Becker answered, “I totally agree that people are spending more time online, consuming more video content online. But it’s not necessarily true that they’re spending more time watching feature films online. The one thing we don’t talk about is duration. We never think about the fact that the film as it evolved was designed for a ‘night out’ – and 2 hours turned out to be the right time so that you could have dinner and enjoy an evening out…you could sit in a theatre comfortably for that duration, and enjoy yourself. And it may turn out as we change the distribution that that duration is not necessarily sacrosanct. On YouTube 6 minutes is an eternity unless it’s really compelling! On an average blog when I’m reading, 3minute videos can seem long! So are we going to be watching on our we’re not going to be watching 3 hour scope movies with subtitles on our phones…but probably not. Probably not even on our iPads. Where are we going to be watching films on mobile devices? On the subway? Absolutely! I see people all the time on the subway watching TV. But I think we need to talk about duration. Longer is not necessarily better. 110min is a long YT video.”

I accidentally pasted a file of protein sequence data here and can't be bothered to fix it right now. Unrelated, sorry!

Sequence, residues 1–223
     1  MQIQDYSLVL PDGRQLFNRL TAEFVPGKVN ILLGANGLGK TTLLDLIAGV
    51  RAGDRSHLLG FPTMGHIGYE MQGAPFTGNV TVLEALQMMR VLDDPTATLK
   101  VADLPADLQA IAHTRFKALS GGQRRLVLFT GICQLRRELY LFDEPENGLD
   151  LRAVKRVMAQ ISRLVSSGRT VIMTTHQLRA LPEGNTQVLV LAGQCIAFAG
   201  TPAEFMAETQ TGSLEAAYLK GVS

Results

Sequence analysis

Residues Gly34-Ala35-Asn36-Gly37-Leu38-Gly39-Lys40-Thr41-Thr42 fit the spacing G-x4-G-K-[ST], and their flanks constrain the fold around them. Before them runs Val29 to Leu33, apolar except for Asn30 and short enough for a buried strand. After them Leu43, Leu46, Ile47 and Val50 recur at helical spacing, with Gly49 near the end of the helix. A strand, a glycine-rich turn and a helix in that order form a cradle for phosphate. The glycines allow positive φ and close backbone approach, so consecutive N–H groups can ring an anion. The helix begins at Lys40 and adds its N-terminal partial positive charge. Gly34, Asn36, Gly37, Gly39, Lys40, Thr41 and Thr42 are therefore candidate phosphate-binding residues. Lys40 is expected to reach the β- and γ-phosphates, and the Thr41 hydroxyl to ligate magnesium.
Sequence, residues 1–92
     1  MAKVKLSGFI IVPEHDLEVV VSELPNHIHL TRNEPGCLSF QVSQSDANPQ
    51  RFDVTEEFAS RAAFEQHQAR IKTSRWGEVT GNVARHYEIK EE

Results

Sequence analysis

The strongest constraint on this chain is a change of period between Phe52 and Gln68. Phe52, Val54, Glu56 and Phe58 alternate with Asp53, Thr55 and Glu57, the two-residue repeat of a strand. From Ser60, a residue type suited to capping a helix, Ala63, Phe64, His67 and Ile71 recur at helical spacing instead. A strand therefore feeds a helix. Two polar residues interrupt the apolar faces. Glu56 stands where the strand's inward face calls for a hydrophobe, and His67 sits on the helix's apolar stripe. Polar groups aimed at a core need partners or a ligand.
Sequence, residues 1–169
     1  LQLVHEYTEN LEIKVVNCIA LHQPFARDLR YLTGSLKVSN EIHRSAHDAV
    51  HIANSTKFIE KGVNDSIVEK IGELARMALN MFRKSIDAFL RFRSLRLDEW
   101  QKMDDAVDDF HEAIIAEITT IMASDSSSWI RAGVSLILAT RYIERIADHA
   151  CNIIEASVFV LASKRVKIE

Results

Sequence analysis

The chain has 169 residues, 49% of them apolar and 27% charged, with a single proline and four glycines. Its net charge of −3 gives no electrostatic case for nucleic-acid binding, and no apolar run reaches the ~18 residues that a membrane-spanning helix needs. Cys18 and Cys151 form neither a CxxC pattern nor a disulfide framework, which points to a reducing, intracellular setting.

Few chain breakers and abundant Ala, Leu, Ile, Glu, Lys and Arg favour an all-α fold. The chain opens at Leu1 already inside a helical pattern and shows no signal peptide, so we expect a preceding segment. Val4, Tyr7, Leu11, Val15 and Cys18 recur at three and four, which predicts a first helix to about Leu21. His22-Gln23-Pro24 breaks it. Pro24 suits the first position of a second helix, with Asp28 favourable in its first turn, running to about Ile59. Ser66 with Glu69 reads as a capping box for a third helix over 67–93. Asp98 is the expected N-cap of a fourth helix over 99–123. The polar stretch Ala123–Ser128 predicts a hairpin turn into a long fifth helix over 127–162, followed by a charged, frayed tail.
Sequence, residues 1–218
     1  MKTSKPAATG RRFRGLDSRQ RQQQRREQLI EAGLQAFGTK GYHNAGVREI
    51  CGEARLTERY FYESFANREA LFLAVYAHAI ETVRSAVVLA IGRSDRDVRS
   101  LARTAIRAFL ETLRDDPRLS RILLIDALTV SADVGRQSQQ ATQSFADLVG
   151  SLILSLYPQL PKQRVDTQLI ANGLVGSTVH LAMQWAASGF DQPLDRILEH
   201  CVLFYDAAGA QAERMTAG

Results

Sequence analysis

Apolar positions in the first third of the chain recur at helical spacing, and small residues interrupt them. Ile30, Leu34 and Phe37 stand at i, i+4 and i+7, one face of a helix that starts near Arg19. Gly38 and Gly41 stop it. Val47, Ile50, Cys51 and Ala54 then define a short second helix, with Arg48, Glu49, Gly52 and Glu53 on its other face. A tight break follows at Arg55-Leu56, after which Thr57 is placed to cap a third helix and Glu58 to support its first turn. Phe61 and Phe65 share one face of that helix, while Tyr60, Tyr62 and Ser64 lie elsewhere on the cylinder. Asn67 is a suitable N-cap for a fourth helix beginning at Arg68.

And here is the crux of the matter - aah it tastes so good.

Leggat responded, “We have to look at this issue in context. The issue is not ‘how do we find an online-only system?’ It’s, ‘how do we create a mixed economy where by you have companies doing many things where the whole is bigger than the sum of it’s parts?’ We’re not looking for an online-only-experience . We need to continue to support the other aspects – going to film festivals, going to opening weekends, watching films on TV…but how do we add this one piece in that doesn’t have to be a silver bullet to cover [all our overhead and the entire film budget], but so that it also doesn’t kill other other things that have worked so far?”

There was more discussion about how the indie filmmaker may eventually competing with both Criterion Collection and Warner Brothers, and how daunting that will be.